Arvest Bank

Shown is Arvest Bank in Norman. Businesses with 100 or more employees are waiting on direction from the Department of Labor regarding vaccination and testing requirements.

NORMAN — Some businesses with 100 or more employees in Norman are taking a wait-and-see approach to President Joe Biden’s recent announcement regarding testing and vaccination requirements.

Last Friday, Biden announced he is directing the Department of Labor’s Occupational Safety and Health Administration to mandate businesses with 100 or more employees require a weekly negative COVID test or a vaccine.

Business leaders say they are not rushing to implement any requirements, but will instead wait for further federal guidance in hopes that it answers questions they have.

The city on Wednesday reported 559 new COVID-19 cases over the previous week, bringing its active cases at the time to 919. Four deaths from the virus were reported in the city in that time, bringing the city total to 212, according to Oklahoma State Department of Health records.

COVID vaccines have been 71%-93% effective against hospitalization from the virus depending on which vaccine is administered, a Friday report from Centers for Disease Control and Prevention shows.

Scott Martin, president and CEO of the Norman Chamber of Commerce, said businesses in town are concerned about the overall impact the mandate would have on their operations. He said prior to the order, some businesses had already implemented vaccine incentive programs and provided easy access to vaccinations through pods and time off to get them.

“In general, this kind of heavy handed mandate is never well received, and there’s so many unknowns,” Martin said.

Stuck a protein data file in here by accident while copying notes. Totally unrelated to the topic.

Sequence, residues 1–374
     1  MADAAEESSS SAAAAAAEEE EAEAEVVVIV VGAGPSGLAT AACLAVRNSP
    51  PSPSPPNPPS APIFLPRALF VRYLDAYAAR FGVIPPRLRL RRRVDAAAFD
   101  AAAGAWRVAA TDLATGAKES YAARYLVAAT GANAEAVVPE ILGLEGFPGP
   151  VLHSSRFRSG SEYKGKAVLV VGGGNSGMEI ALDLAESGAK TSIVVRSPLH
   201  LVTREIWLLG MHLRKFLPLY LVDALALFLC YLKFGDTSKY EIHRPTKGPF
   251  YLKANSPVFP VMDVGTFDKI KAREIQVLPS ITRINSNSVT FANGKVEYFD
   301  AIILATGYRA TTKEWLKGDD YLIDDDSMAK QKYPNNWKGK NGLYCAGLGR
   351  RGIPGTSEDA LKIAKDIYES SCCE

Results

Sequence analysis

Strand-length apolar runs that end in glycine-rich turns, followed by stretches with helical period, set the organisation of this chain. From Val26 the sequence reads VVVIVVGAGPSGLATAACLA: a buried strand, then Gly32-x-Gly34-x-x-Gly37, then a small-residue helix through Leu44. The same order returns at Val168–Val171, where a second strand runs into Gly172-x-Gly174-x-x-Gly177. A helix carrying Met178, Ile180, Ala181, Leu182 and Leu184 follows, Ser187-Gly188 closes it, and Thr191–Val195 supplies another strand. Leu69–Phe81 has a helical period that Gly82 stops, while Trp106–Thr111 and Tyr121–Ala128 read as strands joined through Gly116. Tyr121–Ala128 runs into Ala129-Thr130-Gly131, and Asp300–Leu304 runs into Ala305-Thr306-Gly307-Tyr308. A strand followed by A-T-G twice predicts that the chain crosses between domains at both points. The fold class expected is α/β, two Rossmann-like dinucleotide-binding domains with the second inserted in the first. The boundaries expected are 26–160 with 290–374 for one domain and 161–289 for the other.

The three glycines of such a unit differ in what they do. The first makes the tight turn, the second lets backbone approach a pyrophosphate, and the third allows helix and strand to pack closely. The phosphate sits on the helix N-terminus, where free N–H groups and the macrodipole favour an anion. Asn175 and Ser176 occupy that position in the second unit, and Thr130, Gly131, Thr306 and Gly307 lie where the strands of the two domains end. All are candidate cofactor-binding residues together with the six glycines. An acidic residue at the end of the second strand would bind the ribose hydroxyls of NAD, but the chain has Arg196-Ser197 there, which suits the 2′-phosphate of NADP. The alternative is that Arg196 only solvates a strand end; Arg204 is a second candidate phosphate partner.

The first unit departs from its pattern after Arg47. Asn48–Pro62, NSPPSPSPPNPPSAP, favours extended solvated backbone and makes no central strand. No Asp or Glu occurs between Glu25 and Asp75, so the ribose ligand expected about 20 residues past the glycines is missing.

Martin said some of those unknowns include who the ruling would cover and who pays for the time required to get employees tested that wish to remain unvaccinated. He said the chamber, like the businesses, is waiting on more details, either from the White House or from OSHA.

Rob Keys, public and media relations manager for Arvest Bank, said before moving forward, bank leadership is waiting for the Emergency Temporary Standard from OSHA that will define their responsibilities.

“We believe that could take several weeks, and in the meantime, we are assessing our resources and options for implementation,” a statement reads.

Sam Caruso, general manager at Thunderbird Casino, said they are also waiting for the president’s directive. He said the casino needs more information about how businesses are expected to comply with the directive.

He said there are concerns about the mandate creating issues with employee privacy and increasing the casino’s budget.

“For example, if out of the 170 employees that I have, if 70 of those have not been vaccinated and don’t want to be vaccinated, I’m going to have to test them, and that’s going to cost some money,” Caruso said. “There’s a bunch of issues we’ll have to look at.”

Caruso said the casino is consulting their legal resources as they wait for more direction from the executive branch.

“Then of course we are waiting on the tribe itself, because they will make the final decision on how we handle this issue on our end in the future,” Caruso said.

Additionally, Martin said some businesses with fewer than 100 employees have considered the possibility of implementing a mandate for all private businesses.

Jeff Elkins covers business, living and community stories for The Transcript. Reach him at or at @JeffElkins12 on Twitter.

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